EVERGREEN, Colo. – Carrie Ann and Shaffer Warner have repeatedly called authorities about the stalker that peers into their 6-year-old son’s bedroom window at night, has killed the family cat and even chased them into their home in the wooded hills west of Denver.
The culprit is a tannish-brown mountain lion that has eluded wildlife officers perched on the porch with shotguns, traps baited with roadkill and even a motion-detection camera fastened to a pine tree.
The family keeps the blinds drawn and has built a steel enclosure around the back porch. Two months ago, Schylure told his parents the lion stared into his room ”like it was mad at me.”
”We’re living in this vale of fear,” said Carrie Ann Warner, watching Schylure fidget near the side of the house. ”I’ve reached my wit’s end. I don’t know what to do.”
The clash between the family and one of the West’s most infamous predators is not the only one in Colorado this year, not by far.
Reports of mountain lions roaming neighborhoods and devouring family pets are cropping up from suburban Denver to Fort Collins, one of the most heavily populated stretches in the Rockies. In April, a lion attacked and broke the jaw of a 7-year-old boy on a trail in Boulder before it was chased off.
Wildlife officers are scrambling to educate people about how to get along with the big cats as development pushes farther into the canyons and pine-studded hills the animals once had to themselves. They say mountain lion fatalities are rare – only 17 nationwide since 1890 – and insist, for the most part, that the animals are naturally wary of people.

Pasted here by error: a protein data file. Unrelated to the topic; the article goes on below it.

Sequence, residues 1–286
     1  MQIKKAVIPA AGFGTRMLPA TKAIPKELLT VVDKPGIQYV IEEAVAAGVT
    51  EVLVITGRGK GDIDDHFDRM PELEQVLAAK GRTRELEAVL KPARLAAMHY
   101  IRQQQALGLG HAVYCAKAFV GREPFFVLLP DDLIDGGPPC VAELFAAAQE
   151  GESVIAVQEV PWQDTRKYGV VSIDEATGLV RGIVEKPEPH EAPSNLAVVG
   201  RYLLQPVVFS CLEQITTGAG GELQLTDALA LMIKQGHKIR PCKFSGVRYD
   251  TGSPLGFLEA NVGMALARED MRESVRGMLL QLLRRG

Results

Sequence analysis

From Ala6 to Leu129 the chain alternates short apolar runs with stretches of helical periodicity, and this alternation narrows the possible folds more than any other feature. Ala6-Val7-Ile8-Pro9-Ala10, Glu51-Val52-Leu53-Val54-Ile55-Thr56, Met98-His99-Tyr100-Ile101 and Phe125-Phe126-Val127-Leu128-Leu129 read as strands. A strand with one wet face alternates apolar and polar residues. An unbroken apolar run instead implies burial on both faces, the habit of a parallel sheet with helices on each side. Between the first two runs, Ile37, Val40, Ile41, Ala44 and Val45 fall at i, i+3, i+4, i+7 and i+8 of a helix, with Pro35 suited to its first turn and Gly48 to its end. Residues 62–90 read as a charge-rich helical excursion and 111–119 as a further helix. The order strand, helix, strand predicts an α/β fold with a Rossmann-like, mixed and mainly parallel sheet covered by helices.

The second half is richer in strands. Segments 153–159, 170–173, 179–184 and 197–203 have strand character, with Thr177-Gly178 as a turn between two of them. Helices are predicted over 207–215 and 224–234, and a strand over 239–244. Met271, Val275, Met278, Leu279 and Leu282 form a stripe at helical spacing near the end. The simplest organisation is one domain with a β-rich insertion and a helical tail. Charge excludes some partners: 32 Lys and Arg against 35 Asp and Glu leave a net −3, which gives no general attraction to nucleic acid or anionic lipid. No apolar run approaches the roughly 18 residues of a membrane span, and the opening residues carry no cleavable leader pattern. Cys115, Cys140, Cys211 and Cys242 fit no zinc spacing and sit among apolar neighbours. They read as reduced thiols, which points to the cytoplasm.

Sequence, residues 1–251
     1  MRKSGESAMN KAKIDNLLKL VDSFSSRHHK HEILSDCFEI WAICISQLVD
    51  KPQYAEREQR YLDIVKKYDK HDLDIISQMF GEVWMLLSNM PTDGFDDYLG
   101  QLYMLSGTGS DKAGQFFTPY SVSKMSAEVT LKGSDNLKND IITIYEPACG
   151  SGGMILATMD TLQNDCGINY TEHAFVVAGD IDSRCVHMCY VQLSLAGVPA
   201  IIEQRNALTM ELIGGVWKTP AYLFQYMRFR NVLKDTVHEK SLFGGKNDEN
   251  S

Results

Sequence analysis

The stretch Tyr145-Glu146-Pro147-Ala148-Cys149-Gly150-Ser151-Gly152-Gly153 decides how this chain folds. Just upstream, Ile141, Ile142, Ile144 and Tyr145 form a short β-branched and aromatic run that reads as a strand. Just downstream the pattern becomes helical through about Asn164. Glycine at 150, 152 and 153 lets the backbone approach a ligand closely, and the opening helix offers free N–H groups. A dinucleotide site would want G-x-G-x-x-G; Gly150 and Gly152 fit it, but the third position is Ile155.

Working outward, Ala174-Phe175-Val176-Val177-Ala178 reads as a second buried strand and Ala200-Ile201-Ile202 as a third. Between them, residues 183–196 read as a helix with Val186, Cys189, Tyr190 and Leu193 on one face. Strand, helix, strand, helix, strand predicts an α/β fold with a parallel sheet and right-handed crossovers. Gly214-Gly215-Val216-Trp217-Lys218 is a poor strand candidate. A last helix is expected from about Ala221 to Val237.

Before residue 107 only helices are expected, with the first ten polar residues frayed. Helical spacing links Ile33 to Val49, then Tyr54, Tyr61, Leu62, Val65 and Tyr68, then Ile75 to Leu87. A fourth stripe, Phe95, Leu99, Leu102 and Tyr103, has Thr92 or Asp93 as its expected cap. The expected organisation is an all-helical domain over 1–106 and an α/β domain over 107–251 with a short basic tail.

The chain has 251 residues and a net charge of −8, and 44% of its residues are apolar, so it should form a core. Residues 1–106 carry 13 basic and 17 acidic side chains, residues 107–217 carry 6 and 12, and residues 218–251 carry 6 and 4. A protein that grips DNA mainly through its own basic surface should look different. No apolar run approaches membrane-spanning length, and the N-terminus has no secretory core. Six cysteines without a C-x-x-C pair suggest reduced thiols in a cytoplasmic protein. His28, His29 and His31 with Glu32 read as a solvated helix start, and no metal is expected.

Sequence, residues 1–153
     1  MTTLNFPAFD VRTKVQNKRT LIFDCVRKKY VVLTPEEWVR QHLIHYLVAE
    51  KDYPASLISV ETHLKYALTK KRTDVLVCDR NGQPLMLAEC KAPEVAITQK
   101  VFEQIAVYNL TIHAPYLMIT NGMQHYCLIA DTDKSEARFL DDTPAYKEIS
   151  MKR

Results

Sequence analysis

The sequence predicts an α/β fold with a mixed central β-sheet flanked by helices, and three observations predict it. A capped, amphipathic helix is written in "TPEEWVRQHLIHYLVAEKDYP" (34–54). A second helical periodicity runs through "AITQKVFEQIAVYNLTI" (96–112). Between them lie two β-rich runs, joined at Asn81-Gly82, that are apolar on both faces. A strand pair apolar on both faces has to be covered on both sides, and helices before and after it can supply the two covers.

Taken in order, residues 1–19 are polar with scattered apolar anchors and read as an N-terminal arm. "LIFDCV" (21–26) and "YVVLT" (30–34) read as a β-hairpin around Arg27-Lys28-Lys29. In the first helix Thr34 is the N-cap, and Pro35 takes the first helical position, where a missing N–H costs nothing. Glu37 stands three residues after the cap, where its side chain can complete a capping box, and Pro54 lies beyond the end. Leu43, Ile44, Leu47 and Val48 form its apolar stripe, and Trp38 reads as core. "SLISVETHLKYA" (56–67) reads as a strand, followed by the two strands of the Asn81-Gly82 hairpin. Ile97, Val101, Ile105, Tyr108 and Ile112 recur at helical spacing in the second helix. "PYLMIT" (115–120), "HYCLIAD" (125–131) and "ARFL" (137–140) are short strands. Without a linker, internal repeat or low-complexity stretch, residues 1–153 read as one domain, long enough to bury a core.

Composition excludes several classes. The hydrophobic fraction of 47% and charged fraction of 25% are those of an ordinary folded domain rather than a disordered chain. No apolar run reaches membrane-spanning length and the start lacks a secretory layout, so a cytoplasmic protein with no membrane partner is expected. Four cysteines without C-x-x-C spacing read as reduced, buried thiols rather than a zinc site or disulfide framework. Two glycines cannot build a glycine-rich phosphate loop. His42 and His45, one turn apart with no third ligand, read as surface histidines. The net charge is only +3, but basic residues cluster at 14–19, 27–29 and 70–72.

Still, the number of human-lion encounters – when an unprovoked cat makes contact with a person – started picking up nationwide starting in the 1970s, rising from about two each year to between six and 10, said Paul Beier, a conservation biology professor at Northern Arizona University.
The number of fatal lion attacks in that span has increased from about one to three or four a decade, he said.
”They’re still extremely rare events,” Beier said.
The numbers really look small, Beier added, considering that the West, where most of the cats are, is the fastest-growing part of the country. Hunting, development and other activities wiped out mountain lions in most of the East and Midwest, though most experts agree they are gradually moving east, prompting North Dakota and South Dakota to start hunting seasons.
A recent book suggests lions are becoming more threatening because they’re starting to see people as prey. Published in 2003, The Beast in the Garden: A Modern Parable of Man and Nature by David Baron is set in Boulder, where mountain parks and open space abut the city limits.
As mountain lions follow deer into gardens and yards, Baron says, they may be learning to look at family pets and people as potential food.
Ken Logan, a mountain lion biologist, said Baron’s book does a good job exploring how people affect the environment and wildlife. But he said science doesn’t support the premise that lions are starting to view humans as dinner.
”If pumas were relying on humans for prey, people would be getting killed by pumas weekly, if not daily,” said Logan, who is in the second year of a 10-year study for the state Division of Wildlife on mountain lions in western Colorado.
By Judith Kohler, The Associated Press (7/13/06)